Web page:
The National Intelligence Daily

newspaper version,
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intelligence publications. A systematic production flow, with background information and items of less urgency going into the first press run (pages 2 and 3) and the most significant and current intelligence going into the last press run (pages 1 and 4), would contribute to a logical arrangement.
From the beginning, the work proceeded in consultation with the Office of Security, for security was an obvious problem. Someone could mislay the Daily amid sections of the Post or Times, or shove the intelligence newspaper under a pile of unclassified material. The Daily would carry, on the same page, several articles of varying classification and sensitivity. Decorating every page with enough security warnings to give conventional notice of the document's sensitivity would result in something that looked more like a circus poster than a newspaper. The Office of Security cooperated in the development of terse warning notices and security markings sufficient to flag the newspaper as highly classified without obscuring its message under typographical clutter.
The wider the circulation, the higher the security risk. The Daily, therefore, would go only to a few top policy makers. Similarly, few within the Agency would receive the newspaper. Most consumers of intelligence, and most producers, would continue to receive conventional publications-booklets-that are less of a security hazard than the Daily.
One modest protection devised for the Daily-and one that can be employed efficiently only with a strictly limited distribution of intelligence newspapers-was a jacket in which the newspaper would arrive on the policy maker's desk. The jacket would shield the newspaper's contents from accidental unauthorized inspection and would bear an "eyes only" label naming the authorized recipient. The use of color on the jacket and on the pre-printed portion of the Daily would emphasize the security markings.
Speed in Black, White, and Gray
Except for use in pre-printed security markings, color was a printing luxury the Daily could not afford. The loss of color in maps would be the price of speed. Printing colored maps on the Miehle press would take hours; the Daily, if it was to be current, would have to get on and off the press in minutes. Agency cartographers, who through many years had earned a reputation for excellence in creating colored maps, now had to develop a new map technology in black, white, and shades of gray.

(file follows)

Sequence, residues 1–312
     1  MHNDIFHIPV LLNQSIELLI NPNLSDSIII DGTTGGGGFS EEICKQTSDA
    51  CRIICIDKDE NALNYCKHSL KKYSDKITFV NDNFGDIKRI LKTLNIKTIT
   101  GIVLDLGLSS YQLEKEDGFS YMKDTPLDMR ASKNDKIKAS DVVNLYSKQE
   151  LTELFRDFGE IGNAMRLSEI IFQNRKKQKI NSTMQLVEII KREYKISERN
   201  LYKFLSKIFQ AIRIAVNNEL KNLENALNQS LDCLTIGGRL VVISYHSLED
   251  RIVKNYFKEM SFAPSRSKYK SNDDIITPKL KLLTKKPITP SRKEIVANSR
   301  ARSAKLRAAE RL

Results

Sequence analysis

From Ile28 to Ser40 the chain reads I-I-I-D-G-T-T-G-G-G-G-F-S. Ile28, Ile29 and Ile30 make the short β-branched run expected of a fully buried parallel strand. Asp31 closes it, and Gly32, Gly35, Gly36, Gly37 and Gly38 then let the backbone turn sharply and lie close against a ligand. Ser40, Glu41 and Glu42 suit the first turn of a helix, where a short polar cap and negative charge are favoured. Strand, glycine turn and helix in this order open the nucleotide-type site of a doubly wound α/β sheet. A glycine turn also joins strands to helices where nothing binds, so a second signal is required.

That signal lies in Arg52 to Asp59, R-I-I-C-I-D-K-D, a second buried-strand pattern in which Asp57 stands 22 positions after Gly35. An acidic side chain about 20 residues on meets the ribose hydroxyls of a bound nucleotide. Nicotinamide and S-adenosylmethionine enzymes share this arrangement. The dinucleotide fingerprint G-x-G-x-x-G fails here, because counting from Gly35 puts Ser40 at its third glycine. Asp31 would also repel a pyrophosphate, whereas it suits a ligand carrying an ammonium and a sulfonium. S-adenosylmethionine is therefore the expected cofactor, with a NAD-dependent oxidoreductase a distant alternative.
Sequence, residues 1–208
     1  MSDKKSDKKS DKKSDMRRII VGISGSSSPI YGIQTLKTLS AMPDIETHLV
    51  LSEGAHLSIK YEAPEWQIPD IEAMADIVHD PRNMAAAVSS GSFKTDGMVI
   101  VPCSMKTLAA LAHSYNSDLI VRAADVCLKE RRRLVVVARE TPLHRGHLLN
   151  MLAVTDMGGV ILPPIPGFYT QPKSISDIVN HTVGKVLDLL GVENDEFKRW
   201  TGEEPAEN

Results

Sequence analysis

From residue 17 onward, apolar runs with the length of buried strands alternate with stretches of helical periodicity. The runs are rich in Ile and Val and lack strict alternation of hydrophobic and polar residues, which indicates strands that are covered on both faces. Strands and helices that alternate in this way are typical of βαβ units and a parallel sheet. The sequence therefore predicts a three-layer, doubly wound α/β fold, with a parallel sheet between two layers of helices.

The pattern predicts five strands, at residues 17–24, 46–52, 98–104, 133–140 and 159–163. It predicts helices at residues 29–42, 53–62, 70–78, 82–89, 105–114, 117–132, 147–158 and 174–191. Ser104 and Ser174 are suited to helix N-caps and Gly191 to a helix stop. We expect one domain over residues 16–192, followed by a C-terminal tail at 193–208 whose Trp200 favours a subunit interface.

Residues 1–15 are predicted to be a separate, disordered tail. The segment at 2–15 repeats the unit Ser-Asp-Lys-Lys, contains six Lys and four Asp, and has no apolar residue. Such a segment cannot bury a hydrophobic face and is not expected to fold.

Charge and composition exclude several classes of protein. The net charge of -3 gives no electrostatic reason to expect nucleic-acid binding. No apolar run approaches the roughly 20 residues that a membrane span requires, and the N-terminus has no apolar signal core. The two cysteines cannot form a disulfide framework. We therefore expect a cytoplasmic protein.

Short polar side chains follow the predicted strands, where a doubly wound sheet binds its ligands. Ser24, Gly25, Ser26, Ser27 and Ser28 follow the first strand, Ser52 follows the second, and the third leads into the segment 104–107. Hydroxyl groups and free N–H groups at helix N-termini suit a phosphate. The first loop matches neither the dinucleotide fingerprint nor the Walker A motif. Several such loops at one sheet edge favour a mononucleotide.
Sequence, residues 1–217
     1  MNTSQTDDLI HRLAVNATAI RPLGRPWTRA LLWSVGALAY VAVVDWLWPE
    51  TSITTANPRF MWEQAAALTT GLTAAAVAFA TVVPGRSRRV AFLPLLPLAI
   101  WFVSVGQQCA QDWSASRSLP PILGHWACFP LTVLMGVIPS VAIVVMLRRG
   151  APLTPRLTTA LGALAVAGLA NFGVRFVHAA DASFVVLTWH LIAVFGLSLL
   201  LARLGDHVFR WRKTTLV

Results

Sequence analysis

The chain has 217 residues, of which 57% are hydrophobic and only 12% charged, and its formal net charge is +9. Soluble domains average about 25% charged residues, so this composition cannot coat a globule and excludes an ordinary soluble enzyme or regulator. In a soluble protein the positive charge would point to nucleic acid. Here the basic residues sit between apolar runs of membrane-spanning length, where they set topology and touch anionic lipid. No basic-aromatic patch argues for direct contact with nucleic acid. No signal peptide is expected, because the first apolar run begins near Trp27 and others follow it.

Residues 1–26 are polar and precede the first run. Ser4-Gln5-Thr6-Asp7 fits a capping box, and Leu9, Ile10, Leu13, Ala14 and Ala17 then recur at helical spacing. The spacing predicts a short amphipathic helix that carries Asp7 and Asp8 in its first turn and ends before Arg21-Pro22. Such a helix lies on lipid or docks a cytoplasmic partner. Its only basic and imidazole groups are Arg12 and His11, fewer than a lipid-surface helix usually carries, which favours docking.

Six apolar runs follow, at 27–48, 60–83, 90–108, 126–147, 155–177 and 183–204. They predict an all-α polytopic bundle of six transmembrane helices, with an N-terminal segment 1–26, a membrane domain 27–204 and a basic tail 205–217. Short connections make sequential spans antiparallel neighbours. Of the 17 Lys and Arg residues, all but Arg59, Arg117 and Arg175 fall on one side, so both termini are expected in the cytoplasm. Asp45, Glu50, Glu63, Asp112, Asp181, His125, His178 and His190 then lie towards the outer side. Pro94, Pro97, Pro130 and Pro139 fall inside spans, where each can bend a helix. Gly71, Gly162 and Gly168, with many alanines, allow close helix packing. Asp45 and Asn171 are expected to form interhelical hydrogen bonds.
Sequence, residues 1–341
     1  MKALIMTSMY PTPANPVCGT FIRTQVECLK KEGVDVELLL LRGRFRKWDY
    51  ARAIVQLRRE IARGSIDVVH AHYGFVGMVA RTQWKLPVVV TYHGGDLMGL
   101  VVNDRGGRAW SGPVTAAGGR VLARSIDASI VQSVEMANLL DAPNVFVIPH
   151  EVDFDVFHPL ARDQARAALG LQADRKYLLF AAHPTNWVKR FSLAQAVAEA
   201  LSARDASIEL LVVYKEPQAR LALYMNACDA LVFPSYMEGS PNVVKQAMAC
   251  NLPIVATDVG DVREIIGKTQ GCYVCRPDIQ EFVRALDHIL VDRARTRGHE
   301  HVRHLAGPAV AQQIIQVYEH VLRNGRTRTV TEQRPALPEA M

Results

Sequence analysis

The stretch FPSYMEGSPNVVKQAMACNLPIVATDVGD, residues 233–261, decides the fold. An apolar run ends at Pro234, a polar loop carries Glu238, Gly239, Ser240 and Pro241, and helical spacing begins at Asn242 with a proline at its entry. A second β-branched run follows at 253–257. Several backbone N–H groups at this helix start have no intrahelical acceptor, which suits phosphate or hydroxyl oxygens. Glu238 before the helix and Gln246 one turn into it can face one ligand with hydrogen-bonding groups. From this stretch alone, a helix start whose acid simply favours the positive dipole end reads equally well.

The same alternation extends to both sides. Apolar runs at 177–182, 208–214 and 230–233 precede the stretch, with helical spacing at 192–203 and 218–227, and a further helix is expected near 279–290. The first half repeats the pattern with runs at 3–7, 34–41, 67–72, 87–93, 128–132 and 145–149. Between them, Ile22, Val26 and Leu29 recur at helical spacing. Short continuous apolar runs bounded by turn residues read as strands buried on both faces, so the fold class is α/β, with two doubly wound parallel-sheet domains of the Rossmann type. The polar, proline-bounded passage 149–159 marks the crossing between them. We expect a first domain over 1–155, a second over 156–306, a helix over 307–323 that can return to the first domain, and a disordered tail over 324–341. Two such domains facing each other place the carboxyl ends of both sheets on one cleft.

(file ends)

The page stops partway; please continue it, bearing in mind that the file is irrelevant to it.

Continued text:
As the cartographers worked out the new technology, the printers changed their ways of reproducing both maps and photographs. In offset printing, texts and headlines are pasted on a layout sheet. The printers photograph this sheet to get the image from which they will make a press plate. This is fairly simple when the image consists of black and white; the camera catches it all in one exposure. But the gray tones in photographs that have to go on the press plate cause problems; the camera cannot capture these tones accurately for the press plate at the same instant it registers the black-white image of the type. In the old way of preparing a press plate that included illustrations, the reproduction of photographs required extra camera work and hand work after texts and headlines were photographed on the layout sheet. Persisting with the old time-consuming way of putting photographs on the press plate would have forced either an early deadline or a late press run. What the Daily needed was a late deadline and an early press run.
To break through the time barrier, the Printing Services Division exploited the photo-mechanical transfer process. What this amounts to is photographing a picture


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Posted: May 08, 2007 08:46 AM
Last Updated: Aug 10, 2011 02:29 PM